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Baker v. Berryhill

United States District Court, E.D. Virginia, Alexandria Division

August 12, 2019

NELLIE BAKER, Plaintiff,
NANCY A. BERRYHILL, Acting Commissioner of Social Security, Defendant.



         This matter is before the Court on the parties* cross-motions for summary judgment. ECF No. 8, 10. Pursuant to 42 U.S.C. § 405(g), Nellie Baker ("Plaintiff') seeks judicial review of the final decision of the Commissioner of the Social Security Administration ("Defendant") denying her claim for disability insurance benefits ("DIB") under Title II of the Social Security Act ("the Act"), 42 U.S.C. § 423. For the reasons stated below, the undersigned recommends that Plaintiffs Motion for Summary Judgment be GRANTED and that Defendant's Motion for Summary Judgment be DENIED.


         Plaintiff filed an application for DIB on March 18, 2014, alleging disability commencing January 15, 2014, due to epilepsy, lupus, and osteoarthritis. Administrative Record ("R-") at 176-77. After the state agency twice denied Plaintiffs claim, Plaintiff requested an administrative hearing. R. at 10-14, 92-95, 102. The Administrative Law Judge ("ALJ") held a hearing on February 16, 2017. R. at 38-62. On May 11, 2017. the ALJ issued a decision finding that Plaintiff was not disabled within the meaning of the Act until November 24, 2015. R. at 15-31.

         On May 20, 2018, the Appeals Council for the Office of Disability and Adjudication denied Plaintiffs request for review of the ALJ's decision, rendering the ALJ's decision the final decision of the Commissioner for purposes of review under 42 U.S.C. § 405(g). R. at 10-15. Having exhausted her administrative remedies, Plaintiff filed the instant suit challenging the ALJ's decision on September 21, 2018. ECF No. 1. The parties filed cross-motions for summary judgment, and this matter is ripe for disposition.


         Plaintiff was born on November 25, 1960, and was fifty-four (54) years old on her alleged onset Dated: February 15, 2013. R. at 176. She has a high school education and no additional vocational training. R. at 29, 199. Plaintiff lives with her husband and father and has a son in college. R. at 42. Plaintiff has not worked since January 2013. R. at 263.

         I. Medical Evidence

         On January 27, 2009, Plaintiff underwent an electroencephalographic ("EEG") report for episodes of altered speech, stopping mid-sentence, not finishing her thoughts, and incorrectly naming objects. R. at 331. She also reported generalized tremors that caused her hands to shake. R. at 331. The test results were abnormal and revealed prominent left frontal and temporal slowing with sharply contoured features and independent right frontotemporal slowing. R. at 331. Additionally, a forty-eight-hour ambulatory EEG performed between January 27 and January 29, 2009 revealed left temporal and frontal sharp wave activity, left frontal and temporal slowing, and independent right frontotemporal slowing. R. at 333-34. A brain magnetic resonance imaging ("MRI") conducted on February 27, 2009, also revealed interval development of focal areas of gliosis from remote injury to the centrum semiovale bilaterally. R. at 371. On December 20, 2012, Maria Chou, M.D., diagnosed Plaintiff with lupus that included symptoms of arthralgias, malaise facial rash, nasal and oral ulcers, and gland swelling on the right side of the neck. R. at 425-27. Further examination also revealed connective tissue disease rash present with malar erythema. R. at 427. Plaintiff was prescribed Plaquenil 400mg for flares and Ambien 10mg for her insomnia. R. at 427.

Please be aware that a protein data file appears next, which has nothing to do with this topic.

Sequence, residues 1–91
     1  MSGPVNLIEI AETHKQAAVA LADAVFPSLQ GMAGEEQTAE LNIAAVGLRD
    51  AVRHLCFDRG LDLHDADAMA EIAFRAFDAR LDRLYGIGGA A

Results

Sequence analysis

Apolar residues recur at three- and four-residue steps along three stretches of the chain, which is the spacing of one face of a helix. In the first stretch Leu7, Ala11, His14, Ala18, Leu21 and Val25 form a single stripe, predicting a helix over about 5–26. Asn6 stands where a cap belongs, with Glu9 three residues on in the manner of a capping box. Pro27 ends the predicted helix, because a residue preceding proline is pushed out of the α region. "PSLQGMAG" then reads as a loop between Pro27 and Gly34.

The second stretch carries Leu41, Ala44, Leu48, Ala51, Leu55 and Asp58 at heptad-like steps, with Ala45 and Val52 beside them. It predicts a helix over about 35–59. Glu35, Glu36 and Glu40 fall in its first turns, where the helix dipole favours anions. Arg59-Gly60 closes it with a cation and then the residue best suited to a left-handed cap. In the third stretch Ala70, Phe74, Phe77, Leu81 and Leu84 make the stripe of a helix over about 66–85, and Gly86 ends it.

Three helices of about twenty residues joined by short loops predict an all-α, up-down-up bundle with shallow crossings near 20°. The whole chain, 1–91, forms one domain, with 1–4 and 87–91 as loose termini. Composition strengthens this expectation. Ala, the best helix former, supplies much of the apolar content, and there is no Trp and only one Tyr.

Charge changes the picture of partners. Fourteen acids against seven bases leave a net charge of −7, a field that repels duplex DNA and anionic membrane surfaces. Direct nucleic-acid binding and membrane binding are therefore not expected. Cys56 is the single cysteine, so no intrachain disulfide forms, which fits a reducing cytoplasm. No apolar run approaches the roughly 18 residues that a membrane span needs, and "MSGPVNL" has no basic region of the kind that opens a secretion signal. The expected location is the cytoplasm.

On June 14, 2013, Plaintiff visited the Arthritis & Pain Association Clinic for a lupus flare with complaints of joint pain located in both knees, elbows, and hands. R. at 416. On September 13, 2013, she was seen for a lupus flare with complaints of joint pain located in the neck, both shoulders and both wrists, and two transient episodes of sharp bilateral shoulder and neck pain. R. at 445. Doctor Chou noted that Plaintiff reported short term worsening of her memory. R. at 445. Plaintiff was also seen on January 13, 2014, for joint pain and stiffness and morning stiffness. R. at 451. Doctor Chou noted that symptoms were located in the right knee, both elbows, feet, both hands, and hips. R. at 451.

         In records dated February 21, 2014, Plaintiff visited Matthew Churchill, M.D., who noted memory loss and attention difficulty, as well as difficulty finding the correct words. R. at 568. Doctor Churchill also noted Plaintiff was having difficulty remembering if she took her medicine minutes after taking it, was frequently misplacing items, forgetting where she parks, and having trouble remembering what she ate for dinner. R. at 568. On June 24, 2014, Dr. Churchill noted that Plaintiff experienced a good response to the medication. R. at 559.

         Due to her progressive memory loss, Plaintiff underwent a brain MRI on March 6, 2014, which confirmed multiple small scattered foci of T2/FLAIR hyperintensity in the supratentorial white matter. R. at 573.

         On March 31, 2014, Plaintiff was seen by Dr. Chou for joint pain, joint stiffness, and morning stiffness lasting an hour and a half to two hours. R. at 401. Doctor Chou noted continuing problems with concentration on reading and difficulty with word finding, and stated her family was concerned that she would get lost while driving. R. at 401. Examination revealed anxious mood and affect, Heberden's nodes, and moderate tenderness over the bilateral plantar fascia. R. at 401-04.